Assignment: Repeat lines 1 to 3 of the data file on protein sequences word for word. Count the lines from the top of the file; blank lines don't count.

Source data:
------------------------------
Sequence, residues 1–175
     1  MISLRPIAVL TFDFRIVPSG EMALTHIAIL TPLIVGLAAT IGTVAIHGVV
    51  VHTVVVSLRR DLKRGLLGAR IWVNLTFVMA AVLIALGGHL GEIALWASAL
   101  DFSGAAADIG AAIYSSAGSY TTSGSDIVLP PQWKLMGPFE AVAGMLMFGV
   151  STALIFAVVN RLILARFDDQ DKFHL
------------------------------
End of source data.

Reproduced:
Sequence, residues 1–175
     1  MISLRPIAVL TFDFRIVPSG EMALTHIAIL TPLIVGLAAT IGTVAIHGVV
    51  VHTVVVSLRR DLKRGLLGAR IWVNLTFVMA AVLIALGGHL GEIALWASAL